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1 Million Students Use Quipper e-Learning for the K-12 Program

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The Philippines is actually the last country in Asia and one of the last three countries in the world implementing the old 10-year pre-university program. With this in mind, it is high-time the country institute the K-12 program which covers 13 years of basic education in the following key stages – Kindergarten to Grade 3, Grades 4 to 6, Grades 7 to 10 (which is called Junior High School) and Grades 11 to 12 (called Senior High School). The Kindergarten stage began in 2011 while the enhanced curriculum for Grade 1 to 7 started in 2012; officially, the K-12 program was enacted in 2013.

Today, the Philippines is on the fifth year of the implementation of the K-12 Program. The last mile is the Senior High School. All 221 divisions of the Department of Education (DepEd) have finished planning and have figures on enrolment a year in advance. The increase in the number of years for pre-university requirements means the College General Education curriculum will have fewer units. Subjects that have been taken up in the K-12 Basic Education will be removed from the College General Education curriculum.

But where does online education or e-learning come into the picture for the K-12 program? This is where helps both the teacher and his or her students.

Quipper helps teachers manage classes, send assignments to their students and get analytics on the performance of their students.

Quipper helps students build their knowledge through ‘mastery’ of topics, modules and courses, earning rewards and having fun as they go.

Quipper allows teachers to simply and painlessly publish their own educational content for their schools or classes.

In short, Quipper empowers both teachers and students by supplementing traditional methods with a platform that’s powerful and exciting, but simple too. It aims to use technology to improve the quality of education by creating the best teaching and learning experience by creating a world where everyone has easy access to quality education and is thus empowered to create a better future.

Quipper is Free

Quipper is a free e-learning platform for teachers and students with ready-made lessons and quizzes. There are also online video lessons and assessments for students to learn anytime anywhere. The online class platform for teachers and students is where lessons are interactive and real-time.

Quipper was founded in London U.K. by Masayuki Watanabe and began operations in Japan in 2013. The following year, Quipper started in the Philippines and launched its flagship product “Quipper School” mid-2014. Indonesia and Mexico were the next countries that started using Quipper. In April of 2015, Recruit Holdings bought Quipper; afterwhich, Quipper Video and Quipper Live were launched.

What is Quipper School?

Quipper School is a free e-learning platform that helps teachers manage multiple classes and assess each student’s individual performance. For the students, Quipper School allows them to go through a series of Q&A’s until they fully understand and master the topic at hand while doing it in a fun way.

There are ready-made materials for teachers created by local subject matter experts aligned with the K-12 curriculum. As mentioned, all lessons come with built-in assessments. But teachers can also create their own content, create assessments and share these with other teachers. They can create assignments and exams by selecting topics from ready-made content, including schedules and timelines for these assignments and exams.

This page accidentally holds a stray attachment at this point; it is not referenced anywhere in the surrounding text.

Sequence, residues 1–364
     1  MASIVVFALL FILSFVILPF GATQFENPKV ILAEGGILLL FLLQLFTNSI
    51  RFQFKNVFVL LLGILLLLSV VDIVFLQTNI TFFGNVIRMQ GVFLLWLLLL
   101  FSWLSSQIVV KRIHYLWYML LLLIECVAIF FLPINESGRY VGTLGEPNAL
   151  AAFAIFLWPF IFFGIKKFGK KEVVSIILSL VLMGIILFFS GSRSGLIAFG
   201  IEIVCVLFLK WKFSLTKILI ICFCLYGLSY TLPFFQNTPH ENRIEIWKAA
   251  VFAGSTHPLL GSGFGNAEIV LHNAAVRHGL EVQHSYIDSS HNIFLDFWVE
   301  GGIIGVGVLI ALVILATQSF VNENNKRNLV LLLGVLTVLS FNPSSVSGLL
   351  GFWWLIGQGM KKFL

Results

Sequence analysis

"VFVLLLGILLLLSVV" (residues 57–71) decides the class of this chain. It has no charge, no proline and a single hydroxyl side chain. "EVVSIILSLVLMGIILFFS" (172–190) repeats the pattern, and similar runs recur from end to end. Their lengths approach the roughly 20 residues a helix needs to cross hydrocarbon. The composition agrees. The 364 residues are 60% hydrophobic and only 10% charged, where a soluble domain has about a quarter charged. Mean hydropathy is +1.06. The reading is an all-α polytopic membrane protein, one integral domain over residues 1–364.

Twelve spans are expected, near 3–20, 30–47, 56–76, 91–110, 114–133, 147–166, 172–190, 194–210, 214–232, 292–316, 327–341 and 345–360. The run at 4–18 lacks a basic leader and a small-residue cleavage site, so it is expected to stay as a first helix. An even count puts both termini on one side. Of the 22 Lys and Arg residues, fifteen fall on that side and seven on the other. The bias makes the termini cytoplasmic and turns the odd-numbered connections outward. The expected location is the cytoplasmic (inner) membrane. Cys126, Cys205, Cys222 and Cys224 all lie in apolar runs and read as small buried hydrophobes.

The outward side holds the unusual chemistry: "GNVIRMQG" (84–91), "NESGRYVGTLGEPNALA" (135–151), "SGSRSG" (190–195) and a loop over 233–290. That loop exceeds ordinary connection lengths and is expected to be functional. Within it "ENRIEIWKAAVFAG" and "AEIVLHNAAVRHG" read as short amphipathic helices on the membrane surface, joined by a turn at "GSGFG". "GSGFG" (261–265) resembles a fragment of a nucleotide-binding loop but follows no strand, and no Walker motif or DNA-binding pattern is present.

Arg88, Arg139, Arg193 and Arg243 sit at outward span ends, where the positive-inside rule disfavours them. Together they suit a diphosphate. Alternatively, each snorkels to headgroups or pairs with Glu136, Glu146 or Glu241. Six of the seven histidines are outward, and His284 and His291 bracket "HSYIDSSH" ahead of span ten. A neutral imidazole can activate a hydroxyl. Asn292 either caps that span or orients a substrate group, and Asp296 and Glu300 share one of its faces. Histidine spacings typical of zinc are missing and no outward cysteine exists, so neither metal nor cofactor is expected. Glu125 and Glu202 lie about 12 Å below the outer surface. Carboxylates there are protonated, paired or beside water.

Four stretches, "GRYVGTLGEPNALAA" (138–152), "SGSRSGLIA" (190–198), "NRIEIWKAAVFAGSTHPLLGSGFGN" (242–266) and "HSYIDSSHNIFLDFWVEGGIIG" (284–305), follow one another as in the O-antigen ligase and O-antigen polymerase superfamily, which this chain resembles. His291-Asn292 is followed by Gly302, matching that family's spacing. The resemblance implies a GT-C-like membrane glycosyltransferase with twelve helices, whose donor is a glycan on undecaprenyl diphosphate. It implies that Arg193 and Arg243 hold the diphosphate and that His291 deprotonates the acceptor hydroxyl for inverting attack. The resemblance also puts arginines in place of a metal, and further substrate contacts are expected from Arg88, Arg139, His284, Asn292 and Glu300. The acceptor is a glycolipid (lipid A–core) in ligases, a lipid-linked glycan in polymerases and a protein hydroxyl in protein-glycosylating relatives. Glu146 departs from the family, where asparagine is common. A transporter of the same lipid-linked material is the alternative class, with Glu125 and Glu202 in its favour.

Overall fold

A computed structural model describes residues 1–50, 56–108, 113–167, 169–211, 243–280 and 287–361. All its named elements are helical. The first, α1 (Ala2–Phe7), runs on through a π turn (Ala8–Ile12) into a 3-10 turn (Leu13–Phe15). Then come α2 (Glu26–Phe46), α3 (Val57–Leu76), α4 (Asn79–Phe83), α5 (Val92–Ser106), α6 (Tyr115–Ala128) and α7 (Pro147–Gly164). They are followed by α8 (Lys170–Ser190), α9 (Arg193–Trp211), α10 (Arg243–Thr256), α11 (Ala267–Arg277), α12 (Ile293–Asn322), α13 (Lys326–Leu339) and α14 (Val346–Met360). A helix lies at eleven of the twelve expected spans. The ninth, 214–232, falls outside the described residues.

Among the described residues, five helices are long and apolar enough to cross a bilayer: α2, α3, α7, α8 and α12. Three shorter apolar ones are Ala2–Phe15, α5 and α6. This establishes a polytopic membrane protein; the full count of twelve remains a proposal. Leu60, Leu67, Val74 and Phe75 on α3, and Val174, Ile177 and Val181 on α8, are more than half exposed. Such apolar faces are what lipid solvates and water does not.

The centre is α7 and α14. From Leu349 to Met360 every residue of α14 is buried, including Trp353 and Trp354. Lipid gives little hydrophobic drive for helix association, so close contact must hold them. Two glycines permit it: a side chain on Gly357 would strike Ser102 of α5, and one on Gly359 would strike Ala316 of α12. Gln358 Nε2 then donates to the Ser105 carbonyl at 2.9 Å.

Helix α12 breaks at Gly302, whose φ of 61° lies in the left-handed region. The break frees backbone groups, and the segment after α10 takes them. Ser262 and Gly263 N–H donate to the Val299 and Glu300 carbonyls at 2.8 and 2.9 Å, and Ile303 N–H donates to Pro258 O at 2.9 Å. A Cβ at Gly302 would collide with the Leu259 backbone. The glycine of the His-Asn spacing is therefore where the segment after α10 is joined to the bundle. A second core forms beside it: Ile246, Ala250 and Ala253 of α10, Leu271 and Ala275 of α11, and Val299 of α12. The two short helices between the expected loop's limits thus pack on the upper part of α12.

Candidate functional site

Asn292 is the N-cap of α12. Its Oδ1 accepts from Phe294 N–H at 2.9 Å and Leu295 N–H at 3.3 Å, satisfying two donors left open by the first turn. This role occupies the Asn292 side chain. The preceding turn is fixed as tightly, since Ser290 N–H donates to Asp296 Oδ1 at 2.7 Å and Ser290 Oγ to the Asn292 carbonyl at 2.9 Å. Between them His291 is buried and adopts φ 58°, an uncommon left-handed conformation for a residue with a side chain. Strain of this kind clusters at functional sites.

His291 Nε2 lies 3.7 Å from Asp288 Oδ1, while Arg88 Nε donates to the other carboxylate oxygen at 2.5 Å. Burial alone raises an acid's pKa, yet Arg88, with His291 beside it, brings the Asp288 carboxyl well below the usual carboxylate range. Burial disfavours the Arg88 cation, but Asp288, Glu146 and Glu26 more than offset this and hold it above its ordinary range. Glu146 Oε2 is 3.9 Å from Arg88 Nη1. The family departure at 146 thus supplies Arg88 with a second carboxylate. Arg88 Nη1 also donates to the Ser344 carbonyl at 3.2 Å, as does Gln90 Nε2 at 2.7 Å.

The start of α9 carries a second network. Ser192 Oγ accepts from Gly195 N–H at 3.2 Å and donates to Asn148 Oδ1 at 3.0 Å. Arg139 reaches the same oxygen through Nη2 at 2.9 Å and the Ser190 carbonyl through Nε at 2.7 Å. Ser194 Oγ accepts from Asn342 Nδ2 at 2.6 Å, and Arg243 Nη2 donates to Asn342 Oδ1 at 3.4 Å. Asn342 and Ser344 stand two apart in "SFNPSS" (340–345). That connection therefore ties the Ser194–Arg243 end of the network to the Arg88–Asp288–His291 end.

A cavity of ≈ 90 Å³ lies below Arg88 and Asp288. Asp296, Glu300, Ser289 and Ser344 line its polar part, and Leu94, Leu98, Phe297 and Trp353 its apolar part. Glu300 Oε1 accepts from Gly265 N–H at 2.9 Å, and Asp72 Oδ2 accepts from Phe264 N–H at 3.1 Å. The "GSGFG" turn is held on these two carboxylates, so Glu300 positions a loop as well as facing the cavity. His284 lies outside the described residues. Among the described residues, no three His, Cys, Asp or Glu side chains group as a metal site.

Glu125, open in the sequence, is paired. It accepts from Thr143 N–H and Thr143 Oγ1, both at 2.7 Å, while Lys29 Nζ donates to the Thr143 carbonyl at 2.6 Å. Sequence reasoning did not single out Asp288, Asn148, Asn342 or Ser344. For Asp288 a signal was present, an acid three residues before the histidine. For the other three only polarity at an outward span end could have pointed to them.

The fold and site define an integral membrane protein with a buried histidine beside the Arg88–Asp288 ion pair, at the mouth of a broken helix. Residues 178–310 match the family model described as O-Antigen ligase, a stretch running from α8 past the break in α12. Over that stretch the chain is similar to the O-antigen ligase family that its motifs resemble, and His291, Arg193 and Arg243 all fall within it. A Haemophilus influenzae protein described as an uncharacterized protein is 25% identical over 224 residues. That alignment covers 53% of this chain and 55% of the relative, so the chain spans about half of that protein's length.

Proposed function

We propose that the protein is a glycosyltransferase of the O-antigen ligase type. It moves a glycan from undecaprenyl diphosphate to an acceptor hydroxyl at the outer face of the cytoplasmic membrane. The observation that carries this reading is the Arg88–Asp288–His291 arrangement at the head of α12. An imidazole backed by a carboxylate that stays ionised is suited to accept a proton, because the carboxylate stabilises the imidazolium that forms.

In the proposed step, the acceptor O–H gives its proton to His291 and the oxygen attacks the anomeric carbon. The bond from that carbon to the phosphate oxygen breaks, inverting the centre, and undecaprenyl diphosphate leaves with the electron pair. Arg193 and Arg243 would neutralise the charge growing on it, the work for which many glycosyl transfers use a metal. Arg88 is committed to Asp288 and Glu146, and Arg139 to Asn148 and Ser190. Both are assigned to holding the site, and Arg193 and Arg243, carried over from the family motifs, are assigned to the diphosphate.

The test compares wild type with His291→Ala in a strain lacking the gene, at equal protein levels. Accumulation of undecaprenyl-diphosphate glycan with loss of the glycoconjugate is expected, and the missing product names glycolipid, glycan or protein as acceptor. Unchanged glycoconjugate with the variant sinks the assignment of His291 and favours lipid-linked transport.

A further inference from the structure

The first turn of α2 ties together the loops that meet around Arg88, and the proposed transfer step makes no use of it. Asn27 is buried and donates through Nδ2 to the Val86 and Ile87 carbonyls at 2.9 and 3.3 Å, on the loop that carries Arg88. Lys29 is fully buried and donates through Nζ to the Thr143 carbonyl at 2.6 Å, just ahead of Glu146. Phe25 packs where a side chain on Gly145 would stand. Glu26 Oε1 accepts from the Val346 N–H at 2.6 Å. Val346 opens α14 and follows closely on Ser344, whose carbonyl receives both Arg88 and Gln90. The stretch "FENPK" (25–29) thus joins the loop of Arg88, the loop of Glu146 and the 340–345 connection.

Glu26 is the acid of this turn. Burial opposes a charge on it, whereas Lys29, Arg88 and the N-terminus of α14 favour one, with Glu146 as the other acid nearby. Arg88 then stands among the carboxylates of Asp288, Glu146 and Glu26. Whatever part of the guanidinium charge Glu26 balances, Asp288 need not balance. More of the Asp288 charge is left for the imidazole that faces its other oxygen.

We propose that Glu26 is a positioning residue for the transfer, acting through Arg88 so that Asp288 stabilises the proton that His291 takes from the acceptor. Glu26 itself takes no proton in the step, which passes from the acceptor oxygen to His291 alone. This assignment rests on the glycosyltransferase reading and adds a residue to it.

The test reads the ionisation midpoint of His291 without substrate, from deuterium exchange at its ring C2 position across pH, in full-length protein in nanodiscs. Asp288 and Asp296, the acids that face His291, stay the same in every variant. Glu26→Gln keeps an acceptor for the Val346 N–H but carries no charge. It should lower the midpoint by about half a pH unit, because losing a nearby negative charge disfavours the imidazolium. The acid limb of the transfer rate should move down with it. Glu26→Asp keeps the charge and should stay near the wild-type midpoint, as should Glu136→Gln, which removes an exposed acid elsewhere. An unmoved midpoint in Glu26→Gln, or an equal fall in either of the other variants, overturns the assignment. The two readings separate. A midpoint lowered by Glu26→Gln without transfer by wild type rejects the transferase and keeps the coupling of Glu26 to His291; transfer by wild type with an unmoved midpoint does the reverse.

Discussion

Teachers get to see their students’ scores, strengths and weaknesses in real-time through its various analytics reports that can be downloaded as an Excel file format.

A dashboard is part of Quipper School which allows teachers to manage multiple classes and groups of students. With this, they can broadcast announcements to everyone, particular groups or individual students.

Students, on the other hand, get real-time feedback in the Quipper School quizzes and exams, knowing if their answer is correct or otherwise. They can try answering the questions, especially the incorrect ones, over and over again until they fully comprehend and master the topic at hand. But what makes Quipper School interesting is it is “gamified.” Quipper’s gamified learning system allows the students to earn points or coins to encourage them to study more and answer correctly.

Today, there are a little less than 1 million students registered and using Quipper in the Philippines, with about 200,000 actively learning using Quipper School every month. Majority of these students are enrolled in public high schools, mostly from the National Capital Region (NCR) – 95% are from public schools, 74% from high school, and 68% from NCR. There are 6,000 teachers logged into the Quipper School program with more than half of them creating assignments and exams. As of September 2015, 270 schools are already using Quipper School.

The Quipper K-12 content is fully aligned with the Department of Education (DepEd) K-12 curriculum consisting of six subjects – English, Math, Science, Filipino, Araling Panlipunan and ICT – for Grades 4 to 10. There are already 2,112 lessons in Quipper School with 28,620 questions including NAT and Assessment content. All the materials or content inside Quipper have been developed locally and are vetted by DepEd School Division subject matter experts.

For Grades 11 and 12, also known as Senior High School, content is under development that includes oral communication, reading and writing, 21st century literature from the Philippines and the world, Komunikasyon at Pananaliksik sa Wika at Kulturang Filipino, Pagbasa at Pagsusuri ng Iba’t Ibang Teksto Tungo sa Pananaliksik, general mathematics, statistics and probability, Earth and Life Science, and Understanding Culture, Society, and Politics. The educational division of Quezon City is also using Quipper to develop a “Work Ethics” content.